So here we are – our last week of the journey and I’ve been thinking.
We spent three days in Bayeux just relaxing, taking photos, having coffee in the mornings and dinner in the evenings and generally enjoying the last of France.
The weather has been very kind to us this last week, overcast with rain and the odd blue sky. And that has inspired an idea for a tourist campaign for Ireland with its perfect weather… The grey clouds you used to think were depressing are actually a huge fluffy blanket of protection from harsh sun. The rain that you used to think was annoying is actually cooling and nourishing. And the cold breeze…. we’ll yes that’s still a problem but two out of three, etc. Would you be attracted by my campaign?
Maybe you need to be escaping the red hot sun zone to have any interest in cool breezes, rain or grey clouds. But will we all, soon enough, be in this position?
I have been infected by the, but what can one person do? bug in relation to global warming. And this trip has been a kind of education. I feel so grateful that we’ve had the opportunity to make this journey. For two years we decided we couldn’t or shouldn’t and this year we decided we would. The week before we left I wondered again if it was the right time. While we have been away we have seen the return to pre-pandemic normal in the countries we visited to the point that we see very few people wearing masks. It’s more unusual that usual to see a person in a supermarket wearing a mask.
Before 2020 I thought pandemic was just a movie. Just before we left we watched a different movie called Finch. It was about a world where the consequences of global warming were very real and any amount of sunlight was toxic.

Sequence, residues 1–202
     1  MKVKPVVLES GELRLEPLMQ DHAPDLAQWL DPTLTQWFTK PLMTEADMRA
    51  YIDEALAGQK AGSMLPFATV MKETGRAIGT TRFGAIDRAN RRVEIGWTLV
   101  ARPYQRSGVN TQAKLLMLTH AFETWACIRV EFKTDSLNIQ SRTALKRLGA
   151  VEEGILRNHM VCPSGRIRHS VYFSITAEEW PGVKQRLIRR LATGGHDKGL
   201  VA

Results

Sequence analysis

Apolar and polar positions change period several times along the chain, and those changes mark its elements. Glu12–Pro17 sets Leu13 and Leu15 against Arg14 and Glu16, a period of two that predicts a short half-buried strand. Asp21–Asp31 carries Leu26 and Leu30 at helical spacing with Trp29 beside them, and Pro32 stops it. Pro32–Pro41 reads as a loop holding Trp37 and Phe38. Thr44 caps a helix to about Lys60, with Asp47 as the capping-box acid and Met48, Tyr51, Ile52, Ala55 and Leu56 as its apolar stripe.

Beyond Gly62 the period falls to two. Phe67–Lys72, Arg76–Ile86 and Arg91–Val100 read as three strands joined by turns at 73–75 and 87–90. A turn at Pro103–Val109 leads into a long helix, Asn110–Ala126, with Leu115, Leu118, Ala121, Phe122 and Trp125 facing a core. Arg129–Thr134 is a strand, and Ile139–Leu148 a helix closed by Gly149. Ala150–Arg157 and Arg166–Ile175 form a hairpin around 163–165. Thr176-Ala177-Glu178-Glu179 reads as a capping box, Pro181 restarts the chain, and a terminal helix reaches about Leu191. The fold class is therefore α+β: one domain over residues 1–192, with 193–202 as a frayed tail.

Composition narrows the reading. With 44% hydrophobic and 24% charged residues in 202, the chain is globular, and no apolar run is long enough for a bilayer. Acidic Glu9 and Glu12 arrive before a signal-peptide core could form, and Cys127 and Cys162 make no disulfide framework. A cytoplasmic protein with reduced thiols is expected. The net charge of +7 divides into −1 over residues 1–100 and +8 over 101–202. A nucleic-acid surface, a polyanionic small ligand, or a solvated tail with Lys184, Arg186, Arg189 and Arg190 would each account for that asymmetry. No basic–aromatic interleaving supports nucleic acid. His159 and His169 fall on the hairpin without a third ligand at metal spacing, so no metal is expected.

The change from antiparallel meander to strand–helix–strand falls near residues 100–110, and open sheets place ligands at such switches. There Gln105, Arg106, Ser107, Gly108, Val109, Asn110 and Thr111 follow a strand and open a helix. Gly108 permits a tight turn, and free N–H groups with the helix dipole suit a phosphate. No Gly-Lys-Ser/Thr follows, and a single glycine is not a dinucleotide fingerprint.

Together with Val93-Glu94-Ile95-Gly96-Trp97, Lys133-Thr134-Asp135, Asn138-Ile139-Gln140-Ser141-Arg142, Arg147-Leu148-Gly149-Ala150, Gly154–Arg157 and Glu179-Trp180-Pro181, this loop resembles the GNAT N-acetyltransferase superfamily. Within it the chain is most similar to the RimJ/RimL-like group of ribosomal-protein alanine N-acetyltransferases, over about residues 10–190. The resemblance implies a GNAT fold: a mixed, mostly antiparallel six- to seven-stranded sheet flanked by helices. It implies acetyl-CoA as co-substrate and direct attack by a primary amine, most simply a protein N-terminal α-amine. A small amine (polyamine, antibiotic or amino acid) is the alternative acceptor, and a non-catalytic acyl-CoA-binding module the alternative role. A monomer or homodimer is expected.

On our journey I realised I cannot get overwhelmed by the scale of the problem because that frightens me into looking the other way. What can I do? I can stay awake and take intentional steps. What does this mean for future trips in a motorhome? I don’t know… yet.
We went to Disney! We met the daughter and her best friend, and it was lovely. And it was exhausting (37km over the three days!) And it was hot (nearly 30℃ each day!)
And it was a great place to meet your daughter after a long time. Because we queued together, we walked together, we frightened ourselves together, we ate together, we hugged. A lot. And then it was all over and that last hug was very hard.
It’s strange being a parent because it comes with two slightly opposing job functions. One is to cut a chunk of your heart out and shove it dripping with blood into your child’s rucksack. Then while they cope with whatever the world throws at them, you listen inside the rucksack unable to help. And your other function is to tell them everything you think they need to know to cope with said world. One is hard, the other is impossible.